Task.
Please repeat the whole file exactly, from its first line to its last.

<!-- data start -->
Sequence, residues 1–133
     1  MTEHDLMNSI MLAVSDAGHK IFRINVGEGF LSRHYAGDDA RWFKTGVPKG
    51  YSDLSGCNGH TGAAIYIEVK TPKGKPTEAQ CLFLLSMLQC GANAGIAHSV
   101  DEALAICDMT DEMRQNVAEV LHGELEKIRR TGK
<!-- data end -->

Sequence, residues 1–133
     1  MTEHDLMNSI MLAVSDAGHK IFRINVGEGF LSRHYAGDDA RWFKTGVPKG
    51  YSDLSGCNGH TGAAIYIEVK TPKGKPTEAQ CLFLLSMLQC GANAGIAHSV
   101  DEALAICDMT DEMRQNVAEV LHGELEKIRR TGK